Memories in a Bite

Wednesday, March 9, 2011

   There are a great many things that I love about food and cooking. It is hard to think about food and all the pleasures it brings without things like flavor, texture, aroma and delightful plate arrangements being foremost in mind. But in addition to all of those things, food is near and dear to me for its memory evoking potential.

   One of the most important mentors in my life was a medical professor and specialist in the field of psychiatry. In the middle of my second year of medical school, when it seemed that most of my life had been reduced to medical textbooks and the depressingly cramped, florescent lit classroom the second year students inhabited, in she swept, a beautifully dressed, inspiring and passionate reminder that even doctors can be happy, well adjusted people. She was a breath of fresh air at a time when I was losing steam. I was delighted to no end when, at a dinner she cooked for a group of us interested in the field of psychiatry, I discovered that she was a fellow closet chef! Her kitchen is one I still aspire to one day build for myself, and the magnificent, three tiered carrot cake she served us for dessert is something I think about to this day. Ultimately, I didn't end up going into psychiatry, but whenever I am feeling overwhelmed by my professional choices or think I've lost sight of what it means to be a doctor, she swiftly comes to mind.

   That strangely vegetable filled cake also reminds me of my love, Steve. I made this carrot cake for him on the first birthday of his that we were together.  His birthday falls in the first week of February, and it was during a very sweet and exciting time in our relationship, one where we both realized we were in it for keeps. It is my opinion that this cake is so good, it further convinced him to keep me around! This year, after much debate over whether or not to go with the carrot cake again, he requested a coconut cake. I don't think it's just because he loves the flavor of coconut; it's also because it reminds him of his grandmother and all the lovely, homey things she used to make just for her grandson.

   People like to say that smell is the most closely associated sense with memory. And, being a person with a distinctly keen sense of smell, most of the time I agree with them. But sometimes, like when I take a bit of this carrot cake, I think it is actually taste that reminds us of those perhaps long forgotten memories. Like the way an old friend put us back on the path we had lost, or the way grandma used to direct us in the kitchen from her perch on a chair, now too old to be standing at the stove, our food can be sweet and memory filled too, just like life.

Carrot Cake
   Courtesy of my medical school mentor

 4 cups shredded, peeled carrots
   Note: I use a two pound bag of baby carrots and process them in batches in the food processor- it is much easier than grating larger ones by hand! Just process more or discard any excess to measure 4 cups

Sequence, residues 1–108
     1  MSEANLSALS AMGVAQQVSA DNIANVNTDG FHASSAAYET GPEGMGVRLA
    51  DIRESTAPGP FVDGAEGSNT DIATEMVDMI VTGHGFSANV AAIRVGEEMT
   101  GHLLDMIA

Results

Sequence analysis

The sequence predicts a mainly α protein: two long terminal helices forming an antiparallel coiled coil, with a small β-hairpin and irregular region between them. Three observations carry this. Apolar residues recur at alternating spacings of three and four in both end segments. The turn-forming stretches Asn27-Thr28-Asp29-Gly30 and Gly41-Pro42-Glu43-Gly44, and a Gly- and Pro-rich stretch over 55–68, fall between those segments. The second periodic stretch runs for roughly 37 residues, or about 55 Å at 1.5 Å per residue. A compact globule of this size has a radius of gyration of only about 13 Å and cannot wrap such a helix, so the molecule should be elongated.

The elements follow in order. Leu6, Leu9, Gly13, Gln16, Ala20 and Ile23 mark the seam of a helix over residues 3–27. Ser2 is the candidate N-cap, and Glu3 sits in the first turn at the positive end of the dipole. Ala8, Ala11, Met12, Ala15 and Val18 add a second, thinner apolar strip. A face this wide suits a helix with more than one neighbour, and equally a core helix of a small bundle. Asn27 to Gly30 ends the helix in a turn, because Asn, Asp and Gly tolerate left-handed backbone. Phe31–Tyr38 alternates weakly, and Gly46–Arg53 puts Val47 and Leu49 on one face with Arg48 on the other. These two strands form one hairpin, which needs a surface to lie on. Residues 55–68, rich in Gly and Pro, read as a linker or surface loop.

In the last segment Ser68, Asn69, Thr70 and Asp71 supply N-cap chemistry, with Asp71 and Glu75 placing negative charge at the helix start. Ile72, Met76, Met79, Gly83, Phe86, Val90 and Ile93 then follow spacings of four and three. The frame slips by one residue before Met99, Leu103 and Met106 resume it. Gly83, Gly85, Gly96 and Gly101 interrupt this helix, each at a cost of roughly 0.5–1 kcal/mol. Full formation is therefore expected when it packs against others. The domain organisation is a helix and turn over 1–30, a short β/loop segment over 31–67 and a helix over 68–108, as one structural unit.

2 cups flour
2 teaspoons baking powder
1 teaspoon baking soda
1 teaspoon salt
2 teaspoons cinnamon
1 tablespoon unsweetened cocoa powder
4 large eggs- room temperature
2 teaspoons vanilla extract
1 cup sugar
1 cup light brown sugar, packed firmly
1 1/2 cups corn or canola oil
1 1/2 cups chopped walnuts

1. Adjust racks to divide oven into thirds. Preheat to 350.
2. Butter three 9-inch round baking [ans, pine the bottoms with parchment, butter the paper, and dust with flour. Set aside. Alternatively, as I did above, you can make cupcakes; use a standard sized 12 cupcake tin and line each mold with a cupcake foil. 
3. Sift together the flour, baking powder, baking soda, salt, cinnamon and cocoa, set aside.
4. In a large bowl using an electric mixer, beat together the eggs. Beat in vanilla, both sugars, and the oil.
5. On low speed, beat in the dry ingredients just until incorporated (don't every beat!). Stir in the carrots and walnuts.
6. Divide the batter among the pans you have chosen.
7. Bake the pans divided among the racks for 25-40 minutes until the tops spring back when you press gently. If using muffin tins, the cupcakes take 25-30 minutes to bake depending on the heat distribution of your oven. 
8. Let stand for 2-3 minutes, then unmold the cakes onto cake racks and let cool. 

Silky Cream Cheese Frosting

1 1/2 pounds cream cheese, at room temperature
10 tablespoons unsalted butter, at room temperature
1 1/2 teaspoons vanilla extract
3 cups sifted confectioners sugar
optional: 1/2 pound marscapone cheese
 Note: for a richer, softer frosting, use only 1 pound cream cheese and follow the recipe as below. At the end, fold in by hand 1/2 pound marscapone cheese.

1. In a large bowl using an electric mixer, beat the cream cheese and butter until smoother. Beat in the vanilla and sugar and continue beating until smooth. See above for directions if using marscapone. 
2. Frost your cake as you desire using decoration tips or a spatula. I like to use a large star tip to pipe frosting on the cupcakes, but if I am making one large cake, I frost it simply with a spatula. Without piped decorations, the cake is grand enough on its own!


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